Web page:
but Main Street bears the battle scars of a once-vibrant retail scene.

Offices for Rent

Far too many vacant store and empty sidewalks along St. Johns Avenue suggest that downtown Palatka’s panache has been replaced by big-box retailers like Wal-Mart (only three miles away)–jokingly confirmed by a hand-painted directional crossroads sign…

Walmart sign

beside an empty storefront.

In fact, it would seem that much of Palatka is FOR RENT…

Kiddie Kampus

or simply un-rentable…

Texaco Service Station

Palatka sits on the west bank of St. Johns River offering strategic access into Central Florida, which is what made Palatka a once-thriving pre-Civil War trading post after land-hungry American settlers eliminated the Seminoles, driving them west of the Mississippi.

Bird's-eye_View_of_Palatka,_FL (2)

Equally important to Palatka’s economy at the time was its mild sub-tropical winters–extending farmers’ growing season and making the area a popular tourist destination for the hoi polloi, whose wealthier counterparts enjoyed a luxury haven in nearby, coastal St. Augustine (read The Poshest Campus in America, and Otto’s Collections).

Unfortunately, a historic fire in 1884 and deep-freeze in 1894 sealed Palatka’s fate as a favored destination, as most tourists migrated South. The city rebuilt, and eventually re-emerged as a manufacturing hub, with Georgia Pacific currently holding title to the largest private sector employer.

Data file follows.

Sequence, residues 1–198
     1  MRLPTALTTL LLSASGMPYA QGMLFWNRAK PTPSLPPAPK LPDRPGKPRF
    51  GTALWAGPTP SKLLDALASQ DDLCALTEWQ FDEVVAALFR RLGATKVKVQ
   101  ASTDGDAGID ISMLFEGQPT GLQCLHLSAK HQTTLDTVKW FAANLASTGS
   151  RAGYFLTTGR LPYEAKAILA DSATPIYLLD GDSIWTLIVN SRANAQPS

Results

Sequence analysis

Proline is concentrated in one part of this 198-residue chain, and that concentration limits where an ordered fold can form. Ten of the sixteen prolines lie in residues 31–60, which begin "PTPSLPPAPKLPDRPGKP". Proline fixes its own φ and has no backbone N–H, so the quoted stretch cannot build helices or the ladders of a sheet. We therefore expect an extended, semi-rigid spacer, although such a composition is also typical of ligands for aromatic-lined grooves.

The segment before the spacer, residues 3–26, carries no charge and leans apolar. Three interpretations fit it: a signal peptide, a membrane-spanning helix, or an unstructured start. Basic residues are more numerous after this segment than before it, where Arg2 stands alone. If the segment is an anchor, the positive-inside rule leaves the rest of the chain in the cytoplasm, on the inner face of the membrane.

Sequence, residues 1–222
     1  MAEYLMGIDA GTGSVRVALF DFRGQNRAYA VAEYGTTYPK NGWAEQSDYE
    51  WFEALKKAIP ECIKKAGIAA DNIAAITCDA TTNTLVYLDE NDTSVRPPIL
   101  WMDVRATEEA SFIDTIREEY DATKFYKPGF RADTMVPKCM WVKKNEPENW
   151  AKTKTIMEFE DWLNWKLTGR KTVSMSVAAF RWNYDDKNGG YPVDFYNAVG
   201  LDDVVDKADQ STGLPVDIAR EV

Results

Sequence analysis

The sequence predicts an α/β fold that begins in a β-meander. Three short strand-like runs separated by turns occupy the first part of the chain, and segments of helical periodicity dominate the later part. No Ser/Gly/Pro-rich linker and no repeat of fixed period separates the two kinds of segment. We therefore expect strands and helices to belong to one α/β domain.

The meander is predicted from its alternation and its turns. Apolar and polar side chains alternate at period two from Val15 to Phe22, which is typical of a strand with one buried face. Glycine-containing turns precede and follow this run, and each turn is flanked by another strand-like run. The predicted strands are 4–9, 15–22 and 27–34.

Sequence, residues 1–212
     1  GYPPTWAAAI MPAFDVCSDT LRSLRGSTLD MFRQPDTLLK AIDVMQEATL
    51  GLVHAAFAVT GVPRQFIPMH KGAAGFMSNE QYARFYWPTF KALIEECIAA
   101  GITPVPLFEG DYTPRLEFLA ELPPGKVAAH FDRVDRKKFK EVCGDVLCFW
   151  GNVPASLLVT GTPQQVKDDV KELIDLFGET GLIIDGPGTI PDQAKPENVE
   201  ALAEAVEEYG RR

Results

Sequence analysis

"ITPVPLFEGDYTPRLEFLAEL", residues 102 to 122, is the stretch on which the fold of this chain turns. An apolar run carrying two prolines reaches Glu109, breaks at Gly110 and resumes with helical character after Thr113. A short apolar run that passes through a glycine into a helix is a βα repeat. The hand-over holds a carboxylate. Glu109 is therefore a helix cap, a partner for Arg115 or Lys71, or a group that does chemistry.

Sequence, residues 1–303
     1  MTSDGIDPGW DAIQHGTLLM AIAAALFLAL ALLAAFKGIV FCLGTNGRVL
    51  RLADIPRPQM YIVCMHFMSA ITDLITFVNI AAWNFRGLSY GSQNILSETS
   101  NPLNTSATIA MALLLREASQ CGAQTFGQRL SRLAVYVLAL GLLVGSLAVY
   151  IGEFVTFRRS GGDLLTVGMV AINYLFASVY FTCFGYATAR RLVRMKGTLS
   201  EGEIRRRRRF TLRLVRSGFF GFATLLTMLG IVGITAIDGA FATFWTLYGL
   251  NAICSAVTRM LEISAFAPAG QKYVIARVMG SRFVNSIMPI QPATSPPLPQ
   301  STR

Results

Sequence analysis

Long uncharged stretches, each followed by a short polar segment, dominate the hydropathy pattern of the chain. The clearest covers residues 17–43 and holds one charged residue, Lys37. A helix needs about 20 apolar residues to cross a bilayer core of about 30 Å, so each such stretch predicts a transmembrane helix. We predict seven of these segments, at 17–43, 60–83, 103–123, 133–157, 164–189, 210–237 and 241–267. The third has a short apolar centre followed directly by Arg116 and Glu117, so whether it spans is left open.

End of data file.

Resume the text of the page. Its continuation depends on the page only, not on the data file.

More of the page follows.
But what of downtown today for its nearly 11,000 residents, and how can they possibly compete with St. Augustine to the North, Orlando to the West, and Daytona Beach to the South?

The city, when considering its redevelopment needed a gimmick–something to breath new life into it.

Dragon on a roof

It needed a serious makeover, or maybe some divine intervention.

St. Mary's Church

Driving traffic back to the beat of the city was important. The Bingo Palace added some well-deserved blue-collar cache and shabby chic to the area,

Bingo Palace1

and preserving Angels Diner for future fans of Guy Fieri has also become a go-to venue.

One look around the interior of Angel Diner, and it defies the gravity of its standing as Florida’s oldest diner.